Cooper's Hawk Webcam
Early in 2013 the Saskatchewan Science Centre and Wascana Centre identified a Cooper's Hawk nest in Wascana Park. The Cooper's Hawk laid 5 eggs - and they all hatched on camera! The camera has now become an anuual tradition to help raise awareness and appreciation for this wonderful species.
Cooper's Hawk Facts
Scientific Name: Accipiter cooperii
Size: 25-50 cm (similar to a crow) Female birds are larger than males.
Appearance: The Cooper's Hawk has a long, white-tipped tail and short, rounded wings. The female's tail appears rounded, even when folded. They look very similar to a sharp-shinned hawk, although they are distinct species. The adults have a large, angular head that almost seems too big for it's body, and a thick torso with a low centre of gravity. They feature a dark cap of feathers which are often raised in a crest at the back of the head, along with lighter neck feathers and a light brown chest flecked with white. Juvenile Cooper's Hawks feature a white underside with necks that appear to be a pale reddish-brown colour.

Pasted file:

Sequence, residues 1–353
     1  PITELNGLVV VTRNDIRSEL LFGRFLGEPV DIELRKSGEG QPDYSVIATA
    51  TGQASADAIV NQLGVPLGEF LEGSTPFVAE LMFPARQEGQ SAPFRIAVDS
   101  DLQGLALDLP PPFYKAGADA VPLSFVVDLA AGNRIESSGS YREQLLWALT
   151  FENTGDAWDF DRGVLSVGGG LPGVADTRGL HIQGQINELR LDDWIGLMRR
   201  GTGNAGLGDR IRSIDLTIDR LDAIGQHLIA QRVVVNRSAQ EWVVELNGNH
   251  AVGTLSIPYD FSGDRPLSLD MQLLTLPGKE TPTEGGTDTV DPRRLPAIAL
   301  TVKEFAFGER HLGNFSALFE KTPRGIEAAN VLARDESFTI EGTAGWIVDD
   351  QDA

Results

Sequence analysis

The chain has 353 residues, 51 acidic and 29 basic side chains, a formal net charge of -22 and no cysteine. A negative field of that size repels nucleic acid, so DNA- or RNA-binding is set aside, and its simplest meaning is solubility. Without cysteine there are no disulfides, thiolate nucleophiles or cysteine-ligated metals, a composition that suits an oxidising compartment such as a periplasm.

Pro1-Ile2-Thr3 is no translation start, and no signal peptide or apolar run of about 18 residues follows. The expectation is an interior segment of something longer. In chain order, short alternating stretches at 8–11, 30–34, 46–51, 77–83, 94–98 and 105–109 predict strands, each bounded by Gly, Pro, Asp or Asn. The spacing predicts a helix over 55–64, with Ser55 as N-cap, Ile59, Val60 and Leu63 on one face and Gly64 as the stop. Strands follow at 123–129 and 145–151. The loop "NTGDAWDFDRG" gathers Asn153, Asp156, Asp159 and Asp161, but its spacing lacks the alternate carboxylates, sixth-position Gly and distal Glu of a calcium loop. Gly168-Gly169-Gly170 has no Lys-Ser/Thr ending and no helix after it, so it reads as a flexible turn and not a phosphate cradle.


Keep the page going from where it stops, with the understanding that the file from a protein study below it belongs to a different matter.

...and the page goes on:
Adult Cooper's Hawk
Habitat: Cooper's Hawks are frequenty found livng near the edges of open deciduous woodlands, in open grasslands, and river groves. They are increasingly moving into urban areas where they can find prey.
Diet: Active hunters, they feed on small and medium sized birds and mammals, and are often seen near bird-feeders which attract their prey.
Fun Facts: Cooper's Hawks fly with slow, regular wing beats followed by brief periods of gliding. The male birds build the nest and provide food for the mother and babies until the young birds leave the nest at about 90 days.
Juvenile Cooper's Hawk
Special Thanks To
Peterson, R., A Field Guide to Western Birds, 3rd Ed., Houghton Mifflin Company, US, 1990.
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Please note: food and drink are not allowed on the exhibit floor. Photography is welcome!
Monday 9am to 6pm
Tuesday 9am to 6pm
Wednesday 12pm to 6pm
Thursday 9am to 6pm
Friday 9am to 6pm
Saturday 11am to 6pm
Sunday 11am to 6pm
2903 Powerhouse Drive,
Regina, SK (Take Wascana Drive east off Broad Street, on the north side of Wascana Lake)
A bolt of lightning can reach temperatures of 30,000 °C — hot enough turn silica sand into glass.